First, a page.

If anything marks the image, it is a deep ambivalence. Denounced as superficial, illusory, and groundless, images are at the same time attributed with exorbitant power and assigned a privileged relation to truth. Mistrusted by philosophy, forbidden and embraced by religions, manipulated as “spectacle” and proliferated in the media, images never cease to present their multiple aspects, their paradoxes, their flat but receding spaces.
What is this power that lies in the depths and recesses of an image—which is always only an impenetrable surface? What secrets are concealed in the ground or in the figures of an image—which never does anything but show just exactly what it is and nothing else? How does the immanence of images open onto their unimaginable others, their imageless origin?
In this collection of writings on images and visual art, Jean-Luc Nancy explores such questions through an extraordinary range of references. From Renaissance painting and landscape to photography and video, from the image of Roman death masks to the language of silent film, from Cleopatra to Kant and Heidegger, Nancy pursues a reflection on visuality that goes far beyond the many disciplines with which it intersects. He offers insights into the religious, cultural, political, art historical, and philosophical aspects of the visual relation, treating such vexed problems as the connection between image and violence, the sacred status of images, and, in a profound and important essay, the forbidden representation of the Shoah. In the background of all these investigations lies a preoccupation with finitude, the unsettling forces envisaged by the images that confront us, the limits that bind us to them, the death that stares back at us from their frozen traits and distant intimacies.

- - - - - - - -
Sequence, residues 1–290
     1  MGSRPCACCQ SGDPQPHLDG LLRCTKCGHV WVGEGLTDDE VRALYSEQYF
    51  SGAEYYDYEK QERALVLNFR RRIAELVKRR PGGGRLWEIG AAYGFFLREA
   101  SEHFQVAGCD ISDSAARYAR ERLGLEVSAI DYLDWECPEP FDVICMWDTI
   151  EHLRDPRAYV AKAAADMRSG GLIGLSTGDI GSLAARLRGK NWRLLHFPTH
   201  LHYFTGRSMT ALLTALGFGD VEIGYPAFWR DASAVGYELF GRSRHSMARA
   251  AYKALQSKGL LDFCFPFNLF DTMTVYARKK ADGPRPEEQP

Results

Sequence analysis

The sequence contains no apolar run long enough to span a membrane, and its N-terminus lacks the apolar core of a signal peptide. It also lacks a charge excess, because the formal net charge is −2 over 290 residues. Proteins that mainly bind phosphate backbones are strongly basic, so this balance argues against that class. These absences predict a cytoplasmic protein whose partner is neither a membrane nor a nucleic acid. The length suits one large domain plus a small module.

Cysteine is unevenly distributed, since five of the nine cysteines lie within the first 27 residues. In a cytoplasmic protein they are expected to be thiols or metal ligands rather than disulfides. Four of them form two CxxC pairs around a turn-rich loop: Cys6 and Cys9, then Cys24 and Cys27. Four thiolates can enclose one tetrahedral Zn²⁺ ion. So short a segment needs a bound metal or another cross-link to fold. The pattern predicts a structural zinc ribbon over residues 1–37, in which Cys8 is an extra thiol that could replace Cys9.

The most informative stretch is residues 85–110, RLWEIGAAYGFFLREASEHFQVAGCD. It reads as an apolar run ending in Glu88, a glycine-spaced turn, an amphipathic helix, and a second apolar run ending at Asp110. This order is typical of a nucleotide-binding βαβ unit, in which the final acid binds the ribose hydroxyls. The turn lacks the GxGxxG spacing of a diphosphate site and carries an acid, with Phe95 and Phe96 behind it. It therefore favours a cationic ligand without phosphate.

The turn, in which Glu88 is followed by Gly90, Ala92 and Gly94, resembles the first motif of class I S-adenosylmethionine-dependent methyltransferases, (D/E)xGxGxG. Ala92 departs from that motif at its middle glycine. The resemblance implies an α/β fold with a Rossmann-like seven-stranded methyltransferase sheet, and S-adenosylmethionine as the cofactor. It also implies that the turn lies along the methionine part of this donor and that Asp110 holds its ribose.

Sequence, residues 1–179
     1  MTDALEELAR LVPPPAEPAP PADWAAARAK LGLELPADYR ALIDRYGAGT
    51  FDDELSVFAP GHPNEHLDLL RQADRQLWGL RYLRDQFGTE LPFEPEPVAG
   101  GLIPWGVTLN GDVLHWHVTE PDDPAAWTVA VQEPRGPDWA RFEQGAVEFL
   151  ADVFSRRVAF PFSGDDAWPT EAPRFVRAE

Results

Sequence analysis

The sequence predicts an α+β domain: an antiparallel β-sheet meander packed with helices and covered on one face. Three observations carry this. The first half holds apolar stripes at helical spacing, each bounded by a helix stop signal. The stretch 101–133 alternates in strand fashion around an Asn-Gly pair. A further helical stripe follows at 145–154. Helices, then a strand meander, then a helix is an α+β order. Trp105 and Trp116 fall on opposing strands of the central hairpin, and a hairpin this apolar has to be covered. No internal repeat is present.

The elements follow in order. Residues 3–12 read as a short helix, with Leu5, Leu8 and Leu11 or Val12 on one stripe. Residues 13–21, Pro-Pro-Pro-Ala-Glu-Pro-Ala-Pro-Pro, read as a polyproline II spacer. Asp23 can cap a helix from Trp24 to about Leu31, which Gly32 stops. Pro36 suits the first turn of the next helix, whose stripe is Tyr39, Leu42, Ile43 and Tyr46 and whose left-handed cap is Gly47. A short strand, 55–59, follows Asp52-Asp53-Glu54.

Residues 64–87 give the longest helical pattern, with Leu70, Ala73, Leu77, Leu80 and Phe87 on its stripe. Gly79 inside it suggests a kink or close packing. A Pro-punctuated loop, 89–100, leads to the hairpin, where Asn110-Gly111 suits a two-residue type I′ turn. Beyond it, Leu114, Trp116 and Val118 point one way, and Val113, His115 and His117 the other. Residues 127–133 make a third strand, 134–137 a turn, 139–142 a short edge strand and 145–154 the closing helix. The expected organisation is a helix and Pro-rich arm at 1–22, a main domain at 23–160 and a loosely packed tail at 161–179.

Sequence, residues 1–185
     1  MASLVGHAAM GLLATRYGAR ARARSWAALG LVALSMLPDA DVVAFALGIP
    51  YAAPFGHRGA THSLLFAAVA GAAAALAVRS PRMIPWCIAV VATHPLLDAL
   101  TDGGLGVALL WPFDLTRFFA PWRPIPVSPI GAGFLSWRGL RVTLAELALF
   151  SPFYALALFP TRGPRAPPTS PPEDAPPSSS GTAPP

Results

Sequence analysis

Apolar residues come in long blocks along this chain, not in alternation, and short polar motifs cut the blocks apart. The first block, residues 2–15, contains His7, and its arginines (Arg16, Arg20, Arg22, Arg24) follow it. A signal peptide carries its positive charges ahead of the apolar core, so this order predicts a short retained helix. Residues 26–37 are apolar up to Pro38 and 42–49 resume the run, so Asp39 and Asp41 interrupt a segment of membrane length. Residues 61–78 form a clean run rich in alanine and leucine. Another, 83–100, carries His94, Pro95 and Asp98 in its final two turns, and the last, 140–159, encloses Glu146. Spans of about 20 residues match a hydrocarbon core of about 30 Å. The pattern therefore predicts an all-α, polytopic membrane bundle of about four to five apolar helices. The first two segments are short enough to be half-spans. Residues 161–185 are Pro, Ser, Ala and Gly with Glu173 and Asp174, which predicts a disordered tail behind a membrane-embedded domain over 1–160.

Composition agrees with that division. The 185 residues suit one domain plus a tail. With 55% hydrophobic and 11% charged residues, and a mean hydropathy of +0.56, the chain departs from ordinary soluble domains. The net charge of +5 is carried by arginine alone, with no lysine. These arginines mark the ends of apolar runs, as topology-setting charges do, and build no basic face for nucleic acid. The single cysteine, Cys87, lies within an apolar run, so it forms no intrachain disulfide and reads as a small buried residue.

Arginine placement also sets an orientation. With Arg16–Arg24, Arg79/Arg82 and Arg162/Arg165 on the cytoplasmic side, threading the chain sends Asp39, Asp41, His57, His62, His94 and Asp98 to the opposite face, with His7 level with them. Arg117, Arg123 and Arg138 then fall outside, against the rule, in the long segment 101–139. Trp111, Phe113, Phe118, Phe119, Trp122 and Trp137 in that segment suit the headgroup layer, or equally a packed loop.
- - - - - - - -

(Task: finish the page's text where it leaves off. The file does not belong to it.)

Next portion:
In these vibrant and complex essays, a central figure in European philosophy continues to work through some of the most important questions of our time.